Review: Julius Caesar by Emily Ann Theatre
by Michael Meigs
The conspirators of the Ides of March are at work deep in the hills south of Austin, Texas.
Wimberley is a township with a population of fewer than 4000 persons, but its EmilyAnn Theatre is currently staging a muscular, articulate Julius Caesar that is well worth the winding 45-minute drive through ranch country.
Known principally for summer musicals and the long running annual "Shakespeare Under The Stars" for young people, the park and outdoor amphitheatre of the EmilyAnn have served as a community gathering point for past eleven years. Newly appointed theatre operations manager Bridget Farias, who directed The Comedy of Errors and The Winter's Tale in previous seasons, has expanded the program by recruiting experienced Shakespearians from Austin for the four-weekend run.
Outdoors in October? That seemed entirely plausible during this past summer's drought and record-breaking heat, but rains and relatively cooler weather have moved in since mid-September. Texans aren't used to chill, and many in the audience this past Saturday were wrapped in blankets as the evening temperature sank into the low 60's. But no one was leaving.
Farias places the action in an indeterminate "now," in which Caesar is besieged by a press corps and Marc Anthony wears camouflage pants while running his race. Cassius sticks an automatic pistol into his waistband but prefers his switchblade.
These are visual changes, for the most part. The text is abridged somewhat but rarely altered -- for example, Cassius is brandishing his automatic pistol in IV, iii during the quarrel with Brutus when he exclaims, "There is my dagger,/ And here my naked breast; within, a heart/ Dearer than Pluto's mine, richer than gold:/ If that thou be'st a Roman, take it forth." Later, Farias omits the business of Brutus seeking someone to hold steady a sword at his suicide, choosing instead the lifting of a pistol, a blackout, and a shot.
Capable women actors play Decius, Lucius and Messala, so an occasional "he" becomes "she" with no loss to the action.
As Brutus, Judd Farris is sober and intellectual, with emotions under tight control -- in contrast to his lascivious, prancing Touchstone this past summer and his bumbling Sir Andrew Aguecheek the year before, both done with Austin's Scottish Rite Theatre. Farris establishes Brutus with the self-awareness and stature of a tragic hero. Opposite him as Cassius, Ernesto "Roze" Rosas is muscular and animated rather than lean and hungry, a dangerous man in a fight. Their quarrel in Act IV becomes the clash of stiff Anglo intellect and Latino passion, an unexpected Texas insight to the play.
Beyond that core duo, however, one would wish for greater reflection from the principals. D. Heath Thompson's Caesar is an unsmiling public man, apparently with little intuition; the implication of the staging is that his agenda is probably set by the latest polls.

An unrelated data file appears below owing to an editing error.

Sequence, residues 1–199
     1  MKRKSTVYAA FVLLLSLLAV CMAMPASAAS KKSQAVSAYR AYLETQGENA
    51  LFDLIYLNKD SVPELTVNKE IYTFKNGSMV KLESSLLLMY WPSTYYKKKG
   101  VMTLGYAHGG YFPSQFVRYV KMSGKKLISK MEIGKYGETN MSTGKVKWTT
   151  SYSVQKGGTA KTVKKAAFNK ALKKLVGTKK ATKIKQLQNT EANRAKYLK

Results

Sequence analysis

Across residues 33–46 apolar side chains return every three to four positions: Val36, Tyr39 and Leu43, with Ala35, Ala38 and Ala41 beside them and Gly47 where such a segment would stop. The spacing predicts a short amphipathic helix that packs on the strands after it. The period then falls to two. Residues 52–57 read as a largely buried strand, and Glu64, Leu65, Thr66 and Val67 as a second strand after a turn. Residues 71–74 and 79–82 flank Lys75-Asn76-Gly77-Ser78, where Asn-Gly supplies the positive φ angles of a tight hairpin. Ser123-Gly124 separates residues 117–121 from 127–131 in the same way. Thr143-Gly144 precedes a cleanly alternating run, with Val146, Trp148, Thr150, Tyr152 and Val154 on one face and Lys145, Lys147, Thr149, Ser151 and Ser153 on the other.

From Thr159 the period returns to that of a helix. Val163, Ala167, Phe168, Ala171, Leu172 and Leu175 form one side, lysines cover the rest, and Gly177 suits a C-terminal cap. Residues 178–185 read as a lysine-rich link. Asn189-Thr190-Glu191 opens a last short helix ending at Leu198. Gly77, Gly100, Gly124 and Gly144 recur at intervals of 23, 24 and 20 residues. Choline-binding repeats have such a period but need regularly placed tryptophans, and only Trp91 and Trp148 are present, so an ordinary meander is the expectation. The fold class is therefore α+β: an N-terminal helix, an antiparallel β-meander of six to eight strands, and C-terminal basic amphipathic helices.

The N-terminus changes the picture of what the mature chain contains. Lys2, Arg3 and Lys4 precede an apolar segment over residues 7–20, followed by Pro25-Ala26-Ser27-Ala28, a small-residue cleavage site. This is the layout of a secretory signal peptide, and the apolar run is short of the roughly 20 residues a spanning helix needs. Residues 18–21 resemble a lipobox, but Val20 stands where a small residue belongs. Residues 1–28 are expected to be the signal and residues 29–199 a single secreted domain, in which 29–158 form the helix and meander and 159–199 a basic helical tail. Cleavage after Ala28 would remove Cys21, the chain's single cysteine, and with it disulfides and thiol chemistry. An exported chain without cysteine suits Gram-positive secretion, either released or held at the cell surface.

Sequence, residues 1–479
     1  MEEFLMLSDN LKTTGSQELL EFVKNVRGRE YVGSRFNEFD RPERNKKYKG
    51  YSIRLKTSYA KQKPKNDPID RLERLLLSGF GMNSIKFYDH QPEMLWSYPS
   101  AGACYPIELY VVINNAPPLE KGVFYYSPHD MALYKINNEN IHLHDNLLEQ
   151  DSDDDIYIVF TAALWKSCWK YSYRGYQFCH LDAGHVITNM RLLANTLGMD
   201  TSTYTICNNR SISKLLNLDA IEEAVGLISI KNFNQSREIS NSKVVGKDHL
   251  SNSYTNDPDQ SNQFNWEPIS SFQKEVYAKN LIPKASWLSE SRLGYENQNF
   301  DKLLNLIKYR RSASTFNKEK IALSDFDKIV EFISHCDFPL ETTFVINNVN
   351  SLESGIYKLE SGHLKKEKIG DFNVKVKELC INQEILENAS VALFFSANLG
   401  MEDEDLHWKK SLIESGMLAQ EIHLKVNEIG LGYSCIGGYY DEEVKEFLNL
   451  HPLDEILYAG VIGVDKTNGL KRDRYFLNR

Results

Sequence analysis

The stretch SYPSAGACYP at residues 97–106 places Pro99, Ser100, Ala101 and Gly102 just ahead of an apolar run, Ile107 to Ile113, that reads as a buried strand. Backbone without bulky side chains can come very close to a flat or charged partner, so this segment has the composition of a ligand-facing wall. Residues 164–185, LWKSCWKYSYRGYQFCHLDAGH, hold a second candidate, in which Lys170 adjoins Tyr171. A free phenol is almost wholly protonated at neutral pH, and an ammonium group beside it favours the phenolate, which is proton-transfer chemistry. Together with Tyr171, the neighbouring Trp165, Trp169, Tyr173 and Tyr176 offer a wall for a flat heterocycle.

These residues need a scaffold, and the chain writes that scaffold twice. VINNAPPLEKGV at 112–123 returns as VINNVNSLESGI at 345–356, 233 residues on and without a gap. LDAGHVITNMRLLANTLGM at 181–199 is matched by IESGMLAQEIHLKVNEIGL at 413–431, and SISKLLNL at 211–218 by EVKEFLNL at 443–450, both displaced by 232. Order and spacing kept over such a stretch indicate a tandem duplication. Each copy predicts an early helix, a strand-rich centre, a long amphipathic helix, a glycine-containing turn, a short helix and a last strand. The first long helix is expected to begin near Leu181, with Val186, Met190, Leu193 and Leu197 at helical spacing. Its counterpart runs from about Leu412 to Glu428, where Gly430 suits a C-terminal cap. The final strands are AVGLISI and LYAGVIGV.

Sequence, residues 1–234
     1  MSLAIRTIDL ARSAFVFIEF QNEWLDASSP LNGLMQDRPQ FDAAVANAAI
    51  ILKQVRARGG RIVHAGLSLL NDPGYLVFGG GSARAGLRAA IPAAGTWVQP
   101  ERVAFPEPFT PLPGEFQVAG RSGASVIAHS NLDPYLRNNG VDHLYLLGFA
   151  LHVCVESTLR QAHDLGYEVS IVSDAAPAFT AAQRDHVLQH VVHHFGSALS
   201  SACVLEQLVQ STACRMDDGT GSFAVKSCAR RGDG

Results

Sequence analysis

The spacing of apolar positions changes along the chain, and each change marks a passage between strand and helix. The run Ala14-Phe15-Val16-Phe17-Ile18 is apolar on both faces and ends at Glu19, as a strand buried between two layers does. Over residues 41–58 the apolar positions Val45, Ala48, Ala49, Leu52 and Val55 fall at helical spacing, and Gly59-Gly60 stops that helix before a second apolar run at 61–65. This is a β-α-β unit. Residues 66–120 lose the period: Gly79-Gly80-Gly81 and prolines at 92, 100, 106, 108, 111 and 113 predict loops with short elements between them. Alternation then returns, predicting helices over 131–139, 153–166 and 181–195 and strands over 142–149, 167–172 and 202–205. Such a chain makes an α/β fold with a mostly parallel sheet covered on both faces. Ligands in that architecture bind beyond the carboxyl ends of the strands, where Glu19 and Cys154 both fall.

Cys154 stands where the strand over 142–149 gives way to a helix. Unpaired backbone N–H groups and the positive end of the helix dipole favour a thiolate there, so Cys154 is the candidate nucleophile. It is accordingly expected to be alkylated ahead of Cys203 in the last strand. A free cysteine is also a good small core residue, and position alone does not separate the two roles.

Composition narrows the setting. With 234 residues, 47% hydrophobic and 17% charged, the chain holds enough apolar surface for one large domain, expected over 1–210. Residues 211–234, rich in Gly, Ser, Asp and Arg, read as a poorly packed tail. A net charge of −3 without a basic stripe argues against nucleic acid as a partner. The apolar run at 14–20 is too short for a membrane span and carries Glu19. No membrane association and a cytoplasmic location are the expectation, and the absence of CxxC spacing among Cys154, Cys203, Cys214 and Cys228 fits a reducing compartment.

Trey Palmer's Antony dissembles adequately with the conspirators and is affecting in his grief over the corpse. He shows the audience an early, unholy glee about his immediate intention to undermine the murderers. With the funeral oration ("Friends, Romans, countrymen. . .) Palmer gathers momentum, plays with our emotions, and thrills the crowd -- both the audience and those in the cast who have insinuated themselves among them in the amphitheatre. The rhythm here is terrific, certainly the fruit of a close and deliberate collaboration between him and director Bridget Farias. His Antony rouses the populace and they storm off in a fine climax with Caesar's body on a bier. But Palmer forfeits many of those chips with the audience with the big grin as he delivers the tag lines (Now let it work. Mischief, thou art afoot,/Take thou what course thou wilt!).
Special mention goes to Daniel Lefave as the "blunt fellow" Casca, the first ordinary conspirator recruited by Cassius. Lefave shows him as a physically awkward publicity hack for Caesar. Casca stumbles, glowers and grimaces; he's ill-dressed and credulous, exactly the sort of follower or fall guy required for such an enterprise.
This production moves fast and far, regularly penetrating the audience space or plunging into the semi-lighted woods on either side of the stage. For example, Cassius dispatches Tititinius (Rob Novak) to reconnoitre in V, iii, and Novak races up the central aisle of the amphitheatre. Cassius and Pindarus, under pressure and in confusion, scan the distance behind the audience and come to the fatal, erroneous conclusion that Titinius has been overwhelmed.
The EmilyAnn's production sustains the bard and earns considerable credit for the director, cast and supporters. The good folk of Wimberley are well served, considering that this is one of two very active theatre companies in the community. Any Austinites not willing to make the drive are missing out.
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1101 Ranch Road 2325
Wimberley, TX, 78676